Step 4: Triage the damaged areas

It is important to quickly determine where people can make repairs and where reconstruction needs to account for mitigation opportunities. Where large areas are affected or the time is tight, an aerial or rapid building condition assessment can collect some preliminary data needed to help set priorities. The assessment should categorize properties into one of three categories:

  • A – Apparently safe: No exterior signs of structural damage. People can be allowed back in, but they will need building permits for repairs.
  • B – Building obviously substantially damaged: The building is gone, it has collapsed, or it is missing one or more walls. The building cannot be reoccupied without major structural work.
  • C – Could be substantially damaged: The building may be substantially damaged, but such damage is not obvious. More time and a closer assessment is needed to determine its condition.

Triage is important to help focus resources where they’re most needed. Areas that are obviously destroyed do not need building by building evaluations. Areas that had minimal damage are not likely to be targets for redevelopment. Those residents could be allowed to begin cleaning up and repairing right away.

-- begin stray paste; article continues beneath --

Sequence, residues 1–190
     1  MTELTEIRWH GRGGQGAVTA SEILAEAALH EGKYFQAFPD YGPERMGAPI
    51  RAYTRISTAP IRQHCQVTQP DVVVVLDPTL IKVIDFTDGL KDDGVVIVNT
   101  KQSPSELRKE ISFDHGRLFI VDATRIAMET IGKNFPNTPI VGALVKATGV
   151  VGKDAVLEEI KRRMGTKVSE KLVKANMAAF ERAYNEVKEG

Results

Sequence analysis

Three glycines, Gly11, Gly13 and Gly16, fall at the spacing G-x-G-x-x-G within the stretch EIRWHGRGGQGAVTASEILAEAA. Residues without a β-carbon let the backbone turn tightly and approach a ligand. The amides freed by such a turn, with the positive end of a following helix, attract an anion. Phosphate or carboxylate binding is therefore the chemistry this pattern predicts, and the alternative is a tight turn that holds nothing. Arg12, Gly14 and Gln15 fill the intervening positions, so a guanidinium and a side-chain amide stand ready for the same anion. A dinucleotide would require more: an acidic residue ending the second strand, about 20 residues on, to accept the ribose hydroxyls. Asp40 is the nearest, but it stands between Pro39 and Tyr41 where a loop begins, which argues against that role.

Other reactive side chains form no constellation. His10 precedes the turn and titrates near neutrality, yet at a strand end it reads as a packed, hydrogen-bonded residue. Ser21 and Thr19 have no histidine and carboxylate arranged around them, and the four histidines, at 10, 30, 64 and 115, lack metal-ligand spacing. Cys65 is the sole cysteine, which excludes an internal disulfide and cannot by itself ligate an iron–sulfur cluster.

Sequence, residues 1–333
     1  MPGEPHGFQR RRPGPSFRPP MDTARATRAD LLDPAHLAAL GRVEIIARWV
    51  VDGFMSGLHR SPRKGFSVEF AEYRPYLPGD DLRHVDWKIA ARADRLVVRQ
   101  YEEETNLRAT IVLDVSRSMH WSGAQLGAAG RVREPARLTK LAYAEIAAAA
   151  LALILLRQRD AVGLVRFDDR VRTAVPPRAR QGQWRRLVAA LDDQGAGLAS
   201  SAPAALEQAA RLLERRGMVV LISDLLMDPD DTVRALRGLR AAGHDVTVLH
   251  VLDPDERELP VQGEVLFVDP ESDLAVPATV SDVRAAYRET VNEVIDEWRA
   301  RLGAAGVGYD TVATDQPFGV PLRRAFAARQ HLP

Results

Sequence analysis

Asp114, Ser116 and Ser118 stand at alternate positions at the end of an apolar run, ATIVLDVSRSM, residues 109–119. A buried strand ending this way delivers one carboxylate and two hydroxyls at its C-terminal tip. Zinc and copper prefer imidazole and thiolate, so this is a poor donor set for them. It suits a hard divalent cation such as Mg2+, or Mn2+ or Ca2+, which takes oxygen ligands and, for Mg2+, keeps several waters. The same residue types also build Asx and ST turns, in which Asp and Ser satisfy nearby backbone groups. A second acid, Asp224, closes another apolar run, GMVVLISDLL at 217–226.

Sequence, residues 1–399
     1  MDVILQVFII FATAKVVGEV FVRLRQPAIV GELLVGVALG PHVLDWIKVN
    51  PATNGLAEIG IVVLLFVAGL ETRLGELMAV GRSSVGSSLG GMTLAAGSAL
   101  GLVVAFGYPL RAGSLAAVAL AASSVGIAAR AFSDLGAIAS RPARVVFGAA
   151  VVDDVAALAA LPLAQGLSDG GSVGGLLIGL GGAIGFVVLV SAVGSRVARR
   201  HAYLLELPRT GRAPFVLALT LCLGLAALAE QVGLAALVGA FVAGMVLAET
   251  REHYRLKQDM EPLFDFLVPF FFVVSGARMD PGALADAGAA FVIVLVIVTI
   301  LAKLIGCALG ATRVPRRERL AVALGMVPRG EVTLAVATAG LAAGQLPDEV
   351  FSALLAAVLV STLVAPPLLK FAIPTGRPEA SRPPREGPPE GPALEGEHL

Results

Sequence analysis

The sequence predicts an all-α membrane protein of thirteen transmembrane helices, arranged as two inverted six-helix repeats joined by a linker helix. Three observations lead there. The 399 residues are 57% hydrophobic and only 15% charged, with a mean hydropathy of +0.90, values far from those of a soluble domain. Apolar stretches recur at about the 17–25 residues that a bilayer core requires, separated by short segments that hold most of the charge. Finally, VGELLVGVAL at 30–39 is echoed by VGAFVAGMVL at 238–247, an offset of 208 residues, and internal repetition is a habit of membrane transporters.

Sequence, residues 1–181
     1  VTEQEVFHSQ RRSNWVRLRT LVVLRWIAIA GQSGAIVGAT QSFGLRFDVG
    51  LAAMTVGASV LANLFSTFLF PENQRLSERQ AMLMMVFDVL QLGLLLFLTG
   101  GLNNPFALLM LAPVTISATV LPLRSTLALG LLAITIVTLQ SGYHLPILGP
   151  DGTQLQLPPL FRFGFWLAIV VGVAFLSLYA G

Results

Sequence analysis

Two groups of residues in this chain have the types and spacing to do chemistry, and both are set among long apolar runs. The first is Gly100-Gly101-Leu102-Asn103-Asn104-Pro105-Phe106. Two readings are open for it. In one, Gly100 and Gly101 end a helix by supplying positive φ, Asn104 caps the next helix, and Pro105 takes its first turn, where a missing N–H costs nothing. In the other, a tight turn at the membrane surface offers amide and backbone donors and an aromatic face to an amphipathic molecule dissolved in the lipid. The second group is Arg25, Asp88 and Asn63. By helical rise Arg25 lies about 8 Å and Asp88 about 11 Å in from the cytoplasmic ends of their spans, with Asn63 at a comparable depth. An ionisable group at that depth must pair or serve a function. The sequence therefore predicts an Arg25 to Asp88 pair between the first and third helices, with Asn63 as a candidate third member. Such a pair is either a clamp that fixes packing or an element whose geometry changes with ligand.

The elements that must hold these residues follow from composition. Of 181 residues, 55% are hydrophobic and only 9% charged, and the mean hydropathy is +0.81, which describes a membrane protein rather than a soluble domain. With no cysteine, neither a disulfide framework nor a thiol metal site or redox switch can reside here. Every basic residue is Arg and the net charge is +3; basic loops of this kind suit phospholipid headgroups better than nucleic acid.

Where it is not clear how bad the damage is (Category C buildings), more time is needed to determine if the properties are substantially damaged.

One rule of thumb that has been used is to consider all buildings with more than two feet of water over their first floors as Category C buildings. This does not mean that they are substantially damaged – only that they warrant a closer look before residents are allowed to begin cleaning up and repairing.


  • Most communities or counties conduct damage assessments following a disaster. The Red Cross may conduct a similar assessment. These are intentionally quick, but they may provide enough information for some preliminary triage. Check with the local emergency manager.
  • Unit 10.A. in FEMA 480 discusses a building condition survey. Figure 10–2a. provides a manual approach that has generally been replaced by FEMA’s Substantial Damage Estimator. The initial triage does not need to be so detailed, but eventually each Category C building will need such an evaluation (see also Step 1).
Conway was hit with different types of flooding in different areas, but one area had the more damage than the others. Residents of that area were not allowed to initiate repairs until a mitigation plan was prepared. This was done with a City Council resolution passed before the water went down.